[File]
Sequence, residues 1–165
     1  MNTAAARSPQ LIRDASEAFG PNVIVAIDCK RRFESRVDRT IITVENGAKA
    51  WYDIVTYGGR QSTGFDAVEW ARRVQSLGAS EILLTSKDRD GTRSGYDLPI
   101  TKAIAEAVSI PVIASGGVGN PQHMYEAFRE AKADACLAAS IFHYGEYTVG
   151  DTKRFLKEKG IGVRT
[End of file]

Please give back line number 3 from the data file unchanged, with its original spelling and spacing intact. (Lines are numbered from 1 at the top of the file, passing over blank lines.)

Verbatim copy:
    51  WYDIVTYGGR QSTGFDAVEW ARRVQSLGAS EILLTSKDRD GTRSGYDLPI